Is It Really Profit if There’s Future Retirement Debt?
Fredric Rolando, president of the National Association of Letter Carriers, might just get to the heart of the pension/retirement issue when he explains the following, by way of arguing that the U.S. Post Office is a profitable enterprise:
Congress requires the postal service to put $5.5 billion of its earnings each year into a separate account to “pre-fund” future retirees’ health care insurance far into the future.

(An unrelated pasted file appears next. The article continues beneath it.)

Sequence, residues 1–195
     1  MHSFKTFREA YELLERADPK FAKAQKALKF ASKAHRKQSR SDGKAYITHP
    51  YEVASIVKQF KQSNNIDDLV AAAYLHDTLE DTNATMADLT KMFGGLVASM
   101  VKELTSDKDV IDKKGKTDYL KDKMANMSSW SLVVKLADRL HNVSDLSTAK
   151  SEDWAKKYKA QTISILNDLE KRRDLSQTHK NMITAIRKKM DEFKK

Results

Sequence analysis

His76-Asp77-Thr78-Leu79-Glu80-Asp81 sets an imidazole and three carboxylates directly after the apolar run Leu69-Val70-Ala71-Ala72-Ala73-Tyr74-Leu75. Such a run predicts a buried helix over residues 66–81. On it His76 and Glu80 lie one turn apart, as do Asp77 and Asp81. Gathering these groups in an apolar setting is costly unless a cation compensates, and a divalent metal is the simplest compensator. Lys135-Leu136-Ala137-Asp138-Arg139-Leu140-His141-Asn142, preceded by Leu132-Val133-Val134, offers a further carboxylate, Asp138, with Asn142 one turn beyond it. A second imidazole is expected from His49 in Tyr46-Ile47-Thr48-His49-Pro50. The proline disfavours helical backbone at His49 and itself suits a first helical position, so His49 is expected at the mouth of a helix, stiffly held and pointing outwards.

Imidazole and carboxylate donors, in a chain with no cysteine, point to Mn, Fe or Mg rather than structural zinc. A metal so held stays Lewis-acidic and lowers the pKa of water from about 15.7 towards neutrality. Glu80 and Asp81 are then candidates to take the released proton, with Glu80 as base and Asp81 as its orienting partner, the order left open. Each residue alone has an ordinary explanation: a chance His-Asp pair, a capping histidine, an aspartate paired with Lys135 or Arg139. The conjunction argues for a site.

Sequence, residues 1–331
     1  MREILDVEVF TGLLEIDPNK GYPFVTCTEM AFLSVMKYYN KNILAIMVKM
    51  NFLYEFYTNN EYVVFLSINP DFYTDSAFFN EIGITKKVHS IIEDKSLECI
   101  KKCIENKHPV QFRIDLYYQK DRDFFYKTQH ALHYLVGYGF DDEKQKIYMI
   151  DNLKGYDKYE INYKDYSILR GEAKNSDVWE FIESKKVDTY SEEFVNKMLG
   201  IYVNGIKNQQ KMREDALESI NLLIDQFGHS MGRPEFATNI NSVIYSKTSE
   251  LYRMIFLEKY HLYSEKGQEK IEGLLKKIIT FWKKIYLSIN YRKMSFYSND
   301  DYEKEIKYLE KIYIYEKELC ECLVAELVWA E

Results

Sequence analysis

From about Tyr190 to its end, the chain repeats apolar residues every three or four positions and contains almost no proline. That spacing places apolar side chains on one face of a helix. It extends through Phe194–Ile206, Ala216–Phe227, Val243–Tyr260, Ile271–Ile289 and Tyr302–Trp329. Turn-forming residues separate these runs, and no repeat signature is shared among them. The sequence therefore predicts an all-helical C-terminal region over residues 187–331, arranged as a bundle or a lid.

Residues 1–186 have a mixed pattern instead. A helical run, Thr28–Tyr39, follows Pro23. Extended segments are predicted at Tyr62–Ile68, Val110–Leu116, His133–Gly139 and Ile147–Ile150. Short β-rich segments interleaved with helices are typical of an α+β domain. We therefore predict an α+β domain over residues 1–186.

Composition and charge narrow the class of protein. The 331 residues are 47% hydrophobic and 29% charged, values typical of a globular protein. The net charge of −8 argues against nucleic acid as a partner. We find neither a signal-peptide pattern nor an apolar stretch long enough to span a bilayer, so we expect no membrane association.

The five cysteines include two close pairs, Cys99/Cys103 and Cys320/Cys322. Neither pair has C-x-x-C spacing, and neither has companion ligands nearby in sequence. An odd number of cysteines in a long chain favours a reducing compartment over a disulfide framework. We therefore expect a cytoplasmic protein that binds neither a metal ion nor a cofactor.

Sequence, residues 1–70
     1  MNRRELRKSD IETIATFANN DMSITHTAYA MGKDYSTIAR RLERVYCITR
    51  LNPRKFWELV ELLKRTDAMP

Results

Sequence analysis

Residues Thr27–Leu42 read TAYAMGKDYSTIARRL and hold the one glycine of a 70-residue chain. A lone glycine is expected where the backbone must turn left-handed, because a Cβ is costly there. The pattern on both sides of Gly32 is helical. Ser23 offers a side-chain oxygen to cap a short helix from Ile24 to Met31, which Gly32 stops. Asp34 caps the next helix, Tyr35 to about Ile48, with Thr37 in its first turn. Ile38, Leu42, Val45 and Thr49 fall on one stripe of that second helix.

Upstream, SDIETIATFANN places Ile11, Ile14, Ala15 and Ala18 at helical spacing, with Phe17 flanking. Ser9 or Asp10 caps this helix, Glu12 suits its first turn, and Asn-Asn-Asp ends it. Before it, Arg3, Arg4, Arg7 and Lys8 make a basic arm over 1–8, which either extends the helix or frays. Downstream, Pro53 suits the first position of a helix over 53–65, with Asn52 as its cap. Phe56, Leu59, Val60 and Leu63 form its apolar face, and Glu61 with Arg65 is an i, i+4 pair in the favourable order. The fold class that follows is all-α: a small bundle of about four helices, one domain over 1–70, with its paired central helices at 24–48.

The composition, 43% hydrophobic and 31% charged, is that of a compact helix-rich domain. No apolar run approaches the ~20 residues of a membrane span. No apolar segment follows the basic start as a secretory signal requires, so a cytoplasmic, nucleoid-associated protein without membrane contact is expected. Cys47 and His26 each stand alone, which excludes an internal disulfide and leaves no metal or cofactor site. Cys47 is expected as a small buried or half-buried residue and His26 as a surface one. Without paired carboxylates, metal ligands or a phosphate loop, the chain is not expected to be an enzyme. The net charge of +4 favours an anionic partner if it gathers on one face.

No other business or government agency has such a requirement. The postal service won’t actually spend the money it puts away for “pre-funding” until many years from now.
Yet it counts as a loss on its balance sheet today.
Whether it’s accurate to say that no other organization faces such a requirement (which is also different from saying that none utilize the methods anyway), I don’t know. The question that comes to mind is: why shouldn’t government agencies and businesses put aside money for benefits to be paid to current employees when they retire? Inasmuch as the payment is obligatory, the expense is being incurred in the present through the continued employment of the worker.